The Trade Desk defines UID2 as “a pseudonymous identifier that is developed by hashing and salting an email or phone number.” Translation: UID2 uses your encrypted email and/or phone number to track you on all your devices. The encryption (hashing and salting) makes consumers “essentially anonymous” (a close cousin of pseudonymous) while still tracking their browsing, shopping, and buying habits. For those who like a more technical detail, here’s a breakdown of the process:

  1. A user visits a website, a Smart TV, or a mobile app for the first time. In most cases, the user is asked to opt-in. The tracking company will ask for a value exchange, typically your email and/or phone number, for seeing the content (typically for free).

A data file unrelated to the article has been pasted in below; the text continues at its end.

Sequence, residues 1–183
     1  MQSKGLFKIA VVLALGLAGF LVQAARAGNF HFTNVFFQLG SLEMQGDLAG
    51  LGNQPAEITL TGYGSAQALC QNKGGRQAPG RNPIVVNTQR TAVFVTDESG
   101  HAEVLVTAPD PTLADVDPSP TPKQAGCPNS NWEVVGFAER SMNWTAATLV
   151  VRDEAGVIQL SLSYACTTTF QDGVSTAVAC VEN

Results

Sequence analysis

2. If the user agrees, the value exchange happens. Email and phone to the publisher/developer; content to the user.
  3. The publisher/developer sends the email and/or phone number and privacy settings to a Unified ID 2.0 (UID2) operator. This is when the email and/or phone are hashed and salted. This UID is stored on the user’s browser as a first-party cookie (this type of cookie is not going away; only THIRD-party cookies are being phased out). As you browse, shop, and buy, this UID builds a profile about you, but does so pseudonymously.
  4. The UID2 operator sends back an encrypted key to the device/app developer. This encrypted key is the anonymous set of data that is used by advertisers for what is known as real-time bidding. Advertisers can target this set of data (UID) by bidding through platforms that offer advertising inventory.